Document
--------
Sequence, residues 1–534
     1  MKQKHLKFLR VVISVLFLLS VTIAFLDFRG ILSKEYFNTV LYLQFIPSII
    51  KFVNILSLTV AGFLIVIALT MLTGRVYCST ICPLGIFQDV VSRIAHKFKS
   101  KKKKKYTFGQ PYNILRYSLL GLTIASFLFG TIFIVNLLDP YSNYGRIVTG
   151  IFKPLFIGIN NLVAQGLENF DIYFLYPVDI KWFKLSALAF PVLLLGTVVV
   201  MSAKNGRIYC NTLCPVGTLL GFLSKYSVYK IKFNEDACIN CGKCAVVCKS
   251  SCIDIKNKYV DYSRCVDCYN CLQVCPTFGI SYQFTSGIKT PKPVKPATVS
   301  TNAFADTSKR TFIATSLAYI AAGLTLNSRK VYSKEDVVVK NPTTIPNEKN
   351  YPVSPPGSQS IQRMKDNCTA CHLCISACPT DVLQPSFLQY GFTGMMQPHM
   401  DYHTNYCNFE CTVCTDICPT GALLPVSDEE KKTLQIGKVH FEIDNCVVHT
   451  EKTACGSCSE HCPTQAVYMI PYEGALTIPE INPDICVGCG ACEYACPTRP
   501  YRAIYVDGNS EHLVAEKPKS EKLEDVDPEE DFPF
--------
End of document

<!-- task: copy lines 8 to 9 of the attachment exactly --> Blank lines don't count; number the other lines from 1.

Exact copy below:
   301  TNAFADTSKR TFIATSLAYI AAGLTLNSRK VYSKEDVVVK NPTTIPNEKN
   351  YPVSPPGSQS IQRMKDNCTA CHLCISACPT DVLQPSFLQY GFTGMMQPHM